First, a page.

many in the crowd dancing onstage with him. So many people hopped onstage to dance that Keita, Diabete and other members of the Wanda Band were completely obscured by the flailing arms and legs. Somewhere in there was Keita, singing without
interruption, even when his fans tried to take his hand and dance with him.
He closed the concert with a two-song encore, four hours after Mursal
opened it with songs from her new solo album, "The Journey.''
Mursal is the most intriguing artist of Africa Fete '98, because her
story and her voice are so compelling, and because she is new to international
touring. In 1991, she fled the war in Somalia, leaving Mogadishu on foot with
her five children and crisscrossing the horn of Africa for seven months. Eventually, Mursal and her family received asylum from the Danish embassy in Djibouti. In Denmark, Mursal
was "discovered" in a camp for Somali refugees when Danish musician-producer
Soren Jensen happened to be there and heard her sing. Jensen recognized
Mursal's music from a visit he took to Somalia in 1986. "The Journey," which
Jensen produced for Real World, is a studio mix of songs that are deeply
personal for Mursal. On "Somalia Udida Ceb," Mursal laments the state of her
"The first good thing I hear about my country, the first suggestion that
it is changing, and I will go back -- and quickly,'' Mursal says. "It might
take five years or even 10 years, but one day things will change.''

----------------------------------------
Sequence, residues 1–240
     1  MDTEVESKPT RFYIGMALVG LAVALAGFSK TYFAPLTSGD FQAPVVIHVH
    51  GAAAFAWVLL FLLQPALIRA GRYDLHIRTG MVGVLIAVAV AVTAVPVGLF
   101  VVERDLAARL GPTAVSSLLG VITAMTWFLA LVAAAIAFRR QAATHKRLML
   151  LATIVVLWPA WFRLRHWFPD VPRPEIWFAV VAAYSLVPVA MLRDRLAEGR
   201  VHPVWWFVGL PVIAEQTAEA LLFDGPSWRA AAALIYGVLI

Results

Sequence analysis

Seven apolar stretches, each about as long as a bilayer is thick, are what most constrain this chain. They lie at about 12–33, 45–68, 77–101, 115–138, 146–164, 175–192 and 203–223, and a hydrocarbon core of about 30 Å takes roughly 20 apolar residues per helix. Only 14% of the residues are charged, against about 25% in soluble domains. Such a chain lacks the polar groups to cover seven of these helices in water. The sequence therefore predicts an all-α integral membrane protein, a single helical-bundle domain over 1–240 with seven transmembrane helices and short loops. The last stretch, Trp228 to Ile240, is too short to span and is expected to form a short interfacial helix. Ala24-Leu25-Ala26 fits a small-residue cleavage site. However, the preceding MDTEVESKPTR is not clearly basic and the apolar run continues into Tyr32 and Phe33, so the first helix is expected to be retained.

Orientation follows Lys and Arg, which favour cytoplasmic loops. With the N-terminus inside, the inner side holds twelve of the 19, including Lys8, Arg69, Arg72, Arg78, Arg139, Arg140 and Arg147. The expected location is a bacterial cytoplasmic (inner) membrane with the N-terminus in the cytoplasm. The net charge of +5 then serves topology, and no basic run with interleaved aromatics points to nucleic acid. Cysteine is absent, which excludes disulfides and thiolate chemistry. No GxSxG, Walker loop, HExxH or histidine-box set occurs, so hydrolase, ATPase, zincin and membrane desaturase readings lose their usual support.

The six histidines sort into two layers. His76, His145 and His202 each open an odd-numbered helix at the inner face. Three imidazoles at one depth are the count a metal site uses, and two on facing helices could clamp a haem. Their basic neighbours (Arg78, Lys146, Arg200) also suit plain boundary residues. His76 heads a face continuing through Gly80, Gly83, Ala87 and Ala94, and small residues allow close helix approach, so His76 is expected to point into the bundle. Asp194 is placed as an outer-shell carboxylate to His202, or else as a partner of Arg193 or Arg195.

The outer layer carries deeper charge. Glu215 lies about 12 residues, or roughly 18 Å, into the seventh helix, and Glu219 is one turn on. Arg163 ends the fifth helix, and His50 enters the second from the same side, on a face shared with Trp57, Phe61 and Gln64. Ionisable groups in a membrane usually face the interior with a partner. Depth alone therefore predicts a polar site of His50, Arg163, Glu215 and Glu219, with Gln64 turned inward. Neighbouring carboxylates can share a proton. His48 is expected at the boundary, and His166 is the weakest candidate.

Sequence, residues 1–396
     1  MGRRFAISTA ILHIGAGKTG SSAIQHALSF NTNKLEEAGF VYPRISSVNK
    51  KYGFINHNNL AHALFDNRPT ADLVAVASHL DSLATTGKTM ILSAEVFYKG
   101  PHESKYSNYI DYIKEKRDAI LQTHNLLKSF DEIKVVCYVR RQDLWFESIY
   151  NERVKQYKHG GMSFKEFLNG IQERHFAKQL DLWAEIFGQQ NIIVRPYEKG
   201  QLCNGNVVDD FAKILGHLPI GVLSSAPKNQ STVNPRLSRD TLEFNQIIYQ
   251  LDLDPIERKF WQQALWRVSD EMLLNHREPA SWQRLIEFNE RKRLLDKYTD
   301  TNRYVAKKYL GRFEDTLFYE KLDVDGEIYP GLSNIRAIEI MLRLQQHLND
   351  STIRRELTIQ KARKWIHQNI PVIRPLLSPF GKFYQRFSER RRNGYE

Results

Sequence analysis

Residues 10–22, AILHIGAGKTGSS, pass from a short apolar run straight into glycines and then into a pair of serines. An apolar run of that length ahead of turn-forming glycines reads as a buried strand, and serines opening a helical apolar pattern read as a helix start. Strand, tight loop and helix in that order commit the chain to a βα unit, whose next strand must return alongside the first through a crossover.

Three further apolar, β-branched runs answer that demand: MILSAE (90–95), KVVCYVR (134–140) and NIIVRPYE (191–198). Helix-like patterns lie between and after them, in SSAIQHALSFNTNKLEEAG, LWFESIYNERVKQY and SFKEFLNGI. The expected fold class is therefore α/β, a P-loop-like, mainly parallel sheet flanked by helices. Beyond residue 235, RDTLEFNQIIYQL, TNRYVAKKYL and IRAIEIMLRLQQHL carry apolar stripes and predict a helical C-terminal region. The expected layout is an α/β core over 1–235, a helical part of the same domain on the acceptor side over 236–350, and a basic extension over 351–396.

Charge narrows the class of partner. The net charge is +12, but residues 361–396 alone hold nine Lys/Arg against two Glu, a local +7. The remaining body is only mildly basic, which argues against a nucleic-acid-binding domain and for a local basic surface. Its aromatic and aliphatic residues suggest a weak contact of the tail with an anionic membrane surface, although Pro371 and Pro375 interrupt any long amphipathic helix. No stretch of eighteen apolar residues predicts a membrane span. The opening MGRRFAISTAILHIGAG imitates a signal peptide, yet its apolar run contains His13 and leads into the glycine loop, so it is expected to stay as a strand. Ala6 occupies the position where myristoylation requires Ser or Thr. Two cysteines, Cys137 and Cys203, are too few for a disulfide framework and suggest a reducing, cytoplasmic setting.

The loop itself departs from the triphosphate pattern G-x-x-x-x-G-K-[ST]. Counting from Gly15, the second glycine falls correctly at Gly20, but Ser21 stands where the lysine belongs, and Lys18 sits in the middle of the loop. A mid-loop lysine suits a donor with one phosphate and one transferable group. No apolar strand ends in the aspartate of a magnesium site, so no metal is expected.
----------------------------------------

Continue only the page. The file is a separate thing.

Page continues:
Mursal's enthusiasm is infectious. Her voice is stunning. The influence
of Arabic and her Muslim faith are clearly audible in her music. Mursal gives
Africa Fete '98 a nice balance and is a visible reminder that African pop
music is not limited to West Africa -- the long-standing source of most of the
continent's pop music that is played on U.S. radio stations.
"One of the things I suggested to Karen Yee was that, for our purposes,
it was really important that all the performers don't come out of West
Africa,'' says Alicia Adams, director of special programming for the Kennedy
Center. "We wanted to focus on Africa on a continentwide basis.''
Africa Fete was started in 1978 by Mamadou Konte, an expatriate
Senegalese worker living in Paris who wanted to create more awareness of
African music and culture and, at the same time, raise money for
charitable causes. The event has taken place every year in Paris since then.
Five years ago in the United States, Island Records picked up Africa Fete, then dropped it when the financial losses were too great.
Seeing Mursal, Keita, Lt and Wemba on the same bill is an unforgettable
experience. The only disappointment is the synthesized music that Mursal
incorporates into her songs. She performs with a Danish group of four that
uses prerecorded tracks from "The Journey.'' Listening to prerecorded music
while Mursal sings so intensely is off-putting. But Mursal was still impressive, and the
performances by Wemba, Lt and Keita were riveting. Each of these artists is a headliner; together, they form an African Dream Team, reminding American audiences of the tremendous potential for African pop music. The day may come when these musicians are afforded the same respect in the marketplace that they demand onstage.